Most Obamacare Enrollees Will Pay More in 2016
As Obamacare’s third open season wrap ups on January 31, 2016, a majority of enrollees in Obamacare exchange plans can expect to pay significant double-digit percentage rate hikes for 2016. Tax credits will reduce the net premiums paid by many subscribers, but tax credits do not reduce the rate of premium growth from 2015 to 2016.
Depending on an enrollee’s income and choice of plan in the previous year, the way tax credits are structured will actually ratchet up the out-of-pocket cost of premiums even higher than the rate increases insurers have requested. Furthermore, the ratchet effect is greatest for the lowest earning enrollees, only slightly above the federal poverty level — some of them will see hikes of 50 percent or more.
Why? Obamacare tax credits are determined by an enrollee’s income and the benchmark (second-least expensive Silver) plan in the local rating region. This introduces harmful leverage for most enrollees when they renew their policies. It can increase the net premium by a significantly higher percentage than the increase in gross premiums.
According to the administration, if every single enrollee who chose the second-lowest cost Silver plan in 2015 shopped around and found the (usually different) second-lowest cost Silver plan in 2016, the average gross premium hike would be 7.5 percent. However, that did not happen. Only 23 percent of 2014 beneficiaries who re-enrolled in 2015 switched plans.
Moreover, while 70 percent of enrollees chose Silver plans in 2015, only 11 percent chose the second-lowest cost Silver plan. Because the tax credits are based on the second-lowest cost Silver plan in a rating region, the amount of the credit did not increase much from 2015 to 2016: on average, from $976 to $1,012 for an
enrollee earning 250 percent of FPL and from $2,636 to $2,700 for the enrollee earning 150 percent of FPL. If these enrollees did shop around perfectly and switched, they would be largely immunized from a premium hike.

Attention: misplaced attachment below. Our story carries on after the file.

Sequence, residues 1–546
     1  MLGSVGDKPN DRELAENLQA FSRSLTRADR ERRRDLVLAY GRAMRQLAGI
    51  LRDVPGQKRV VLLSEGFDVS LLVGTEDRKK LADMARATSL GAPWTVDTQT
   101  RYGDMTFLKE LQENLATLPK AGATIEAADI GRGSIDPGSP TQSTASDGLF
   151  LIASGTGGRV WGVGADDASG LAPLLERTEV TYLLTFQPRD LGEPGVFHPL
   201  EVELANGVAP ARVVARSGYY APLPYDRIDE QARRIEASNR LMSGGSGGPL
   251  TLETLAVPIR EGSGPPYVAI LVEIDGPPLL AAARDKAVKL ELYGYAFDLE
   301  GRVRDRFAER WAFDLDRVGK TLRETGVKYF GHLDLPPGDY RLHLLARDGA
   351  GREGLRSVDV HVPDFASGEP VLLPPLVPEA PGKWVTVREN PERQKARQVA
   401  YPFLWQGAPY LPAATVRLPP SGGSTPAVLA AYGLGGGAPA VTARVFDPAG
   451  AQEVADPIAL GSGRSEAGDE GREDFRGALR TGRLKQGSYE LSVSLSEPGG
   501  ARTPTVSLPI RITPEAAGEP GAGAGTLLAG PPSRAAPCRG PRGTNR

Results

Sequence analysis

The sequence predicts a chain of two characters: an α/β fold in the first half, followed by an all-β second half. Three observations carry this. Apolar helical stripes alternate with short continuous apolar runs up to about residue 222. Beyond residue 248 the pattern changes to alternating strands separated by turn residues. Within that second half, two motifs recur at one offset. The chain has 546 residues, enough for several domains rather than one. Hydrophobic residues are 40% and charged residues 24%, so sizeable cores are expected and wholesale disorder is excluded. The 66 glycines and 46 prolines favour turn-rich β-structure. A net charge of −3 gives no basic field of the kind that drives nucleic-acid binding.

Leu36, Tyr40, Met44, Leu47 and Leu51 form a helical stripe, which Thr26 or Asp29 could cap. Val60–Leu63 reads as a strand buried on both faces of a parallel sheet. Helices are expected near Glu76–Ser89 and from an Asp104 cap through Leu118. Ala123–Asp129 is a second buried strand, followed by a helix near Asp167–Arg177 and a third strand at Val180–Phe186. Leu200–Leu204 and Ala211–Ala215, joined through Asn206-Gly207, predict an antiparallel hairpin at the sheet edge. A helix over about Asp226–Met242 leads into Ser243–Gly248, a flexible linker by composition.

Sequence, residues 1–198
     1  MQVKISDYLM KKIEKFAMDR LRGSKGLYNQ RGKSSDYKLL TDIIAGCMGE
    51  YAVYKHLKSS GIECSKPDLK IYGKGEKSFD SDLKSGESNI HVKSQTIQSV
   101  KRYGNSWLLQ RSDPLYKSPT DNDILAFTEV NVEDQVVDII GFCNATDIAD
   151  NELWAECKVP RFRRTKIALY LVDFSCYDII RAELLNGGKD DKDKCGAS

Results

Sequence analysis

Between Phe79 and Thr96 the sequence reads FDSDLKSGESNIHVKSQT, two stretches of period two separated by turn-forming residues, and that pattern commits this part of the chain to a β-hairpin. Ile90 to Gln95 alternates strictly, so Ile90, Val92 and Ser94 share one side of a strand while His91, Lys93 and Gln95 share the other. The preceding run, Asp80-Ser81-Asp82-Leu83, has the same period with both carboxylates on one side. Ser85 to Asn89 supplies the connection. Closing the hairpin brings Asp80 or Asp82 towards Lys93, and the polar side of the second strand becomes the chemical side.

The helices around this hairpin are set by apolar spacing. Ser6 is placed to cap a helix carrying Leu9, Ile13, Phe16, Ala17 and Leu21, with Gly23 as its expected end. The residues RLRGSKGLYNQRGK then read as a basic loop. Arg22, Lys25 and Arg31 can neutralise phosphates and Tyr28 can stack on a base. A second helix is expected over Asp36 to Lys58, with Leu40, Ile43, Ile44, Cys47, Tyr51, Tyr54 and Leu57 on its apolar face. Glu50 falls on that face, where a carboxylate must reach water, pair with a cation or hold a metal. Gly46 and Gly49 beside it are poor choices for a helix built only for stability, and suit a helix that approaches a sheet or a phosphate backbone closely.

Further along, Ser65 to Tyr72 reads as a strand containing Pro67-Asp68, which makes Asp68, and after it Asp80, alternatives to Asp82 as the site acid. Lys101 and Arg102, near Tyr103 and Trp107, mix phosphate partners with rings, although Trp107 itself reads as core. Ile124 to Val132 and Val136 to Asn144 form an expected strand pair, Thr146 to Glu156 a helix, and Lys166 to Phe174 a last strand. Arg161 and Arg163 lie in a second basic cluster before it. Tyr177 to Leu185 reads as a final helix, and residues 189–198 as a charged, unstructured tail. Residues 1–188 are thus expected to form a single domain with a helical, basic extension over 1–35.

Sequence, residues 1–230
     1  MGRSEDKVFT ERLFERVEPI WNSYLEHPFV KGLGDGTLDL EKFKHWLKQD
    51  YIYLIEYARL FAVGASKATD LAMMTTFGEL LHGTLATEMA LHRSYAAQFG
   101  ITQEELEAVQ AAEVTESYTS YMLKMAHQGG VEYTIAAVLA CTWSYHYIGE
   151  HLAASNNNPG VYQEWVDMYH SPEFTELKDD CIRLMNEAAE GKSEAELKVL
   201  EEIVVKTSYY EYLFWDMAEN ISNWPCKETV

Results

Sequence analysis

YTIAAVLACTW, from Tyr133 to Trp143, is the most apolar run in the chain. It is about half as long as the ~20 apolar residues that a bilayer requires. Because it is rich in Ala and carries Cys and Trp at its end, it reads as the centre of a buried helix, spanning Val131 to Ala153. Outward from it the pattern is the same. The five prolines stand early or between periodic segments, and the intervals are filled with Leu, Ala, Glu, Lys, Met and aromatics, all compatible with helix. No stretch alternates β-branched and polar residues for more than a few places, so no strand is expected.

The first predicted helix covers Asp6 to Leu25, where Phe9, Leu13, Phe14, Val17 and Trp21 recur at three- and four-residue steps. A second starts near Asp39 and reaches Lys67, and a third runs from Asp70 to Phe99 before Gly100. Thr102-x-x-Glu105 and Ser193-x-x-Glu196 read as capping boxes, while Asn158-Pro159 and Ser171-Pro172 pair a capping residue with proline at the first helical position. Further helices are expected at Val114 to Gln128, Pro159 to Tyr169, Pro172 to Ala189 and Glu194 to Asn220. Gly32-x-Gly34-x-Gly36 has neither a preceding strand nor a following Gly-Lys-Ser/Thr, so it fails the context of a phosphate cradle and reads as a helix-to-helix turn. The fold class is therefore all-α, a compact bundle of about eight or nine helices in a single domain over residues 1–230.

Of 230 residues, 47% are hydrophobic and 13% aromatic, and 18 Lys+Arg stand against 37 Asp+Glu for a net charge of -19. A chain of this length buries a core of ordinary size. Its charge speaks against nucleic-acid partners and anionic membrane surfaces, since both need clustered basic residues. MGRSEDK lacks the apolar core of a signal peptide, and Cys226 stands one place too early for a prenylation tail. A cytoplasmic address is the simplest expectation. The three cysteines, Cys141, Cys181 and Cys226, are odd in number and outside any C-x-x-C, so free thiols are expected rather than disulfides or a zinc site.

However, for the majority who do not shop around the tax credits introduce leverage that can result in a higher percentage increase in net premiums than gross premiums. For example, six insurersoffer Silver policies in the East Los Angeles rating region under Covered California, a state-operated exchange:
- In 2015, the before-tax-credit, gross annual premium for a 40 year old buying the lowest cost Silver plan was $2,760, offered by Health Net.
- The second-lowest cost Silver plan, offered by Anthem, cost 12 percent more than Health Net’s plan (or $3,084).
- Subtracting the tax credit, the 40 year old earning 150 percent of the FPL only paid $380 net premium for Health Net or $704 for Anthem.
For 2016, the lowest cost plan remains Health Net. However, Blue Shield offered the secondlowest cost plan for 2016 — actually dropping its premium by 9.3 percent.
By shrinking the gap between the lowest cost and second-lowest cost plan from 12 percent to just one percent, Blue Shield also shrank the relative value of the tax credit (based on the second-lowest cost Silver plan) when applied to the lowest cost plan. As a result, a Health Net subscriber earning 250
percent of poverty will see a net premium hike of 12 percent, and an individual earning 150 percent of poverty will see a net premium hike of 58 percent!
For a nationally representative 40 year old, with an income of 250 percent or 150 percent of the FPL, because the average Silver premium increased 10 percent, the enrollee earning 250 percent of FPL will see a 12 percent increase in net premium, while the enrollee earning 150 percent of FPL will see a 28 percent increase.
By the end of 2015, as at least six independent and credible sources had confirmed that rate increases will be in the double digits. Claims by the administration and others that individuals’ rate hikes will largely be limited to single-digit percentage increases are unrealistic, given the experience of Obamacare exchanges so far.